I hadn't really intended blogging about the Pope's statement on Scottish Independence. It struck me as relatively anodyne, a sort of Argentinian version of Father Dougal's, 'Careful now'. But a few conversations recently have convinced me that at least some Nationalists (and doubtless Unionists) have interpreted the statement as an addition to the List of Prominent People Who Have Spoken Out Against Independence. Before this enters too far into the status of urban myth, I should probably try to correct the picture.
Another urban myth: if you say, 'Papa Francesco' in front of your computer screen three times, he'll Skype you.
The full interview can be found here in Spanish. A fullish English summary can be found here.
The main thing to note about this is that Pope Francis is simply repeating Catholic social teaching. As I've blogged before, the principles of subsidiarity (ie authority descending to the lowest unit of society) and nationality (ie the normal condition of one people constituting one nation) do stack up heavily on the Nationalist side. But equally there is the principle of solidarity:
The commitment to this goal is translated into the positive contribution of seeing that nothing is lacking in the common cause and also of seeking points of possible agreement where attitudes of separation and fragmentation prevail. [From the Compendium: para 194.]
Above all, political authority exists for the promotion of felicitas, of the good life:
Political authority is an instrument of co-ordination and direction by means of which the many individuals and intermediate bodies must move towards an order in which relationships , institutions and procedures are put at the service of integral human growth. 
Given the complex web of principles and the variety of concrete circumstances, making a decision in this area requires the exercise of the virtue of practical wisdom (prudentia):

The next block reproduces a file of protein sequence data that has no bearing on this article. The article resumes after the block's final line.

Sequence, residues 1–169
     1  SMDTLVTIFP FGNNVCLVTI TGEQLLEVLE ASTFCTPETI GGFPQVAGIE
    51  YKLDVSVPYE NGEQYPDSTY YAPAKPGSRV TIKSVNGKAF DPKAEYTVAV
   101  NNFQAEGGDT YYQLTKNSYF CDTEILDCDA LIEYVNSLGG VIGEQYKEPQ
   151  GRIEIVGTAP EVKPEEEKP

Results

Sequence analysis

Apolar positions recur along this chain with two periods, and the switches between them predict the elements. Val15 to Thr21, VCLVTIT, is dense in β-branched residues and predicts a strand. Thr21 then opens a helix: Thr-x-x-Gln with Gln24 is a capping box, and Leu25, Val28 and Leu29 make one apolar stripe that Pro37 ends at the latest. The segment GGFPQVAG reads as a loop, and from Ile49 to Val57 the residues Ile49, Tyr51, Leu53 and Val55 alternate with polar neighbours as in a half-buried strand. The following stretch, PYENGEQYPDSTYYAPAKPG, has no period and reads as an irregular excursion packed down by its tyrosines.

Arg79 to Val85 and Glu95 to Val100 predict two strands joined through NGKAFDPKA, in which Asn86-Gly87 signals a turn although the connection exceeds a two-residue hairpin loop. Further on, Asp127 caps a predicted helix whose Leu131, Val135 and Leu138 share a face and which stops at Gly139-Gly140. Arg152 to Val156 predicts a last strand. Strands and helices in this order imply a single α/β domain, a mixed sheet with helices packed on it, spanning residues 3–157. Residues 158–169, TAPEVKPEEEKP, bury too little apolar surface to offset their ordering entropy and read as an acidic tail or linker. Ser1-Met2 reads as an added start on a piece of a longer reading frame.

the virtue that makes it possible to discern the true good in every circumstance and to choose the right means for achieving it. Thanks to this virtue, moral principles are applied correctly to particular cases. We can identify three distinct moments as prudence is exercised to clarify and evaluate situations, to inspire decisions and to prompt action. The first moment is seen in the reflection and consultation by which the question is studied and the necessary opinions sought. The second moment is that of evaluation, as the reality is analyzed and judged in the light of God's plan. The third moment, that of decision, is based on the preceding steps and makes it possible to choose between the different actions that may be taken.
On the basis of Catholic social teaching, therefore, one would expect a Pope in such circumstances as the current Scottish Independence campaign to point out a few principles, and to advise voters to think very carefully about their decision in the light of these principles and the concrete circumstances in which they find themselves. And that is precisely what he's done.
So why the brouhaha? (If there is brouhaha. I may simply be coming across a few individuals more given to the practice of brouhahing than normal.) Here's some suggestions:
1) Some Nationalists think the answer to the referendum is so obvious that even asking for thought smacks of opposition. Clearly nuts. It's an important decision made with a lot of uncertainties. For some, there is a tendency towards a 'Sod it' decision: why not give it a go? (Tom Gallagher has suggested that the referendum may be decided by 'volatile and emotional' men with too much time on their hands.) Anyway, a non starter. Think hard about this decision: it matters. A lot. (For balance, I should add that there is a corresponding Unionist version of this category: again, a non-starter.)